Alchemy In Medicine: How One GI Doc Spun Turds Into Gold

crispydoc Uncategorized 9 Comments

Image above is a 2000 year old child potty trainer from ancient Greece.

Accepting turds as a fact of life from an early age prepared me well for a career in medicine.

Growing up, my father and great uncle built a small outdoor aviary in our back yard, where we raised tropical finches and quail that we sold to pet stores as my father’s side hustle.

In grade school, I entered the aviary (the size of a modest bathroom) twice weekly as dad’s helper to feed and maintain the roughly two hundred birds that called it home.

I learned quickly that hats were a necessity, because turds dependably fell onto my head from the heavens.

When I became a physician, universal precautions could not protect me from the technological and bureaucratic feces that showered the practice of medicine. Electronic Health Records? Computerized Physician Order Entry? Press-Ganey? JCAHO? Sure, these turds went disguised by more elaborate names, but having endured such offenses since age eight, I brushed them away and labored on.

What I did not realize is that, rarely, the turds that are dropped onto our heads from the great bird of health care occasionally contain a golden egg. To understand this alchemy you need only approach it from the correct perspective.

A case in point is a friend we caught up with recently, a gastroenterologist in a town where the single university hospital is the local 800 pound gorilla that all physicians are forced to reckon with.

Let’s call my friend Dumplestiltskin.

Dumplestiltskin joined a private community practice out of fellowship, and a few years later he invested with his partners in new construction on an outpatient endoscopy center.

The goal was to avoid leaving money on the table by being able to charge for facility fees, and exchange outdated hospital facilities (which the university refused to replace) with state of the art suites.

Additional benefits for patients would be cost reduction for their patients, since hospital facility fees exceed outpatient facility fees. Benefits for his group included the ability to hire staff responsive to their needs.

The university hospital was not amused by the prospective loss of revenue and turf, and insisted that my friend’s group halt construction of the private endoscopy center or risk losing their hospital privileges.

Dumplestiltskin and his partners chose not to capitulate, and surrendered their hospital privileges.

Another turd soils the downtrodden GI doc, right? Not exactly.

My friend and his partners thought through the consequences of losing their hospital privileges. Their group is highly sought-after by patients for personable providers with impressive educational pedigrees who give excellent care.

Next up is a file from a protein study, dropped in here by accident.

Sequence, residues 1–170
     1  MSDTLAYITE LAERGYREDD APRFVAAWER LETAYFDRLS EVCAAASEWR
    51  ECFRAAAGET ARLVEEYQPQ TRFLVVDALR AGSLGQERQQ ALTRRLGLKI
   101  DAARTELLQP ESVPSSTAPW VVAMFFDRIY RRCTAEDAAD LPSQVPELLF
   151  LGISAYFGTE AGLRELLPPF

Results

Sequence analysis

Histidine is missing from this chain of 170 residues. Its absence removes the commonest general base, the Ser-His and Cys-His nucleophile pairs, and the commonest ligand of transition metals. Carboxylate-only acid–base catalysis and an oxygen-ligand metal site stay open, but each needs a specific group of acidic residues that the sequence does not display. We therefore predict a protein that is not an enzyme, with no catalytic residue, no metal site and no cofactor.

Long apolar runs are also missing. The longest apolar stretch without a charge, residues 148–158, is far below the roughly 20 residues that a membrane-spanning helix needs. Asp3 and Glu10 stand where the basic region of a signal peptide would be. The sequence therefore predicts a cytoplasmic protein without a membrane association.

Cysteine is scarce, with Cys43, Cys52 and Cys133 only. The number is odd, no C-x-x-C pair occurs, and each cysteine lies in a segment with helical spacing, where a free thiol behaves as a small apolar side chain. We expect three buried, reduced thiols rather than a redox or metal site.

Furthermore, Dumplestiltskin’s smaller and nimbler group offered a human touch that no large bureaucracy could match. Need a last minute appointment? How’s this Friday at 4pm? Need an urgent appointment via the university behemoth group? How’s four weeks from now?

Loss of hospital privileges would eliminate the need to provide consults on admitted patients. In addition to making weekdays end closer to schedule, it restored nights and weekends as seldom interrupted family time.

Call went from a dreaded reality to a minor inconvenience, since it was conducted entirely by telephone. Those patients sick enough to require admission were seen by the university gastroenterology service, hospital employees who now exclusively shouldered the burden of the ED call panel.

Had the practice been in sink or swim mode, losing hospital privileges might have dealt the group a fatal blow. Instead, it quickly made my friend’s job the best one in town.

His group became GI proceduralists who never entered the hospital, mostly slept through the night, and were in demand more than ever.

Before you resign yourself to the latest turd that falls from on high, take a moment to glove up and sift through the details. You might just find a golden egg buried within.

Or, as Arthur Miller so memorably put it in Death of a Salesman:

“The jungle’s dark, Willie, but full of diamonds.”

Might he unknowingly have been describing a GI practice? You decide.

Comments 9

  1. How could I not click on that title?

    It sounds like your friend played those moves well.

    I have been in the few situations like that over the years. All I can say is in the end politics are infinitely more important than pedigree or patient interests.